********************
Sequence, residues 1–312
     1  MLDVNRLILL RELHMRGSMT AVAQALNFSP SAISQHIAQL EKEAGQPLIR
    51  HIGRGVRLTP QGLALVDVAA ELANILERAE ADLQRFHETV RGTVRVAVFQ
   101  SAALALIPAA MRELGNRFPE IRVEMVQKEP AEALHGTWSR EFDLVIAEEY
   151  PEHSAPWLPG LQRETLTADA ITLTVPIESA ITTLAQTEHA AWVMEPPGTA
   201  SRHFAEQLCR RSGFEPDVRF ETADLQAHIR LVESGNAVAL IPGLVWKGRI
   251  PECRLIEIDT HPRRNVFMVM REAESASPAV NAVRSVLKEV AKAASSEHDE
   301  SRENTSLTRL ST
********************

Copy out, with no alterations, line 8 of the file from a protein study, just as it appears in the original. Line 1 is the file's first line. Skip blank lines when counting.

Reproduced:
   301  SRENTSLTRL ST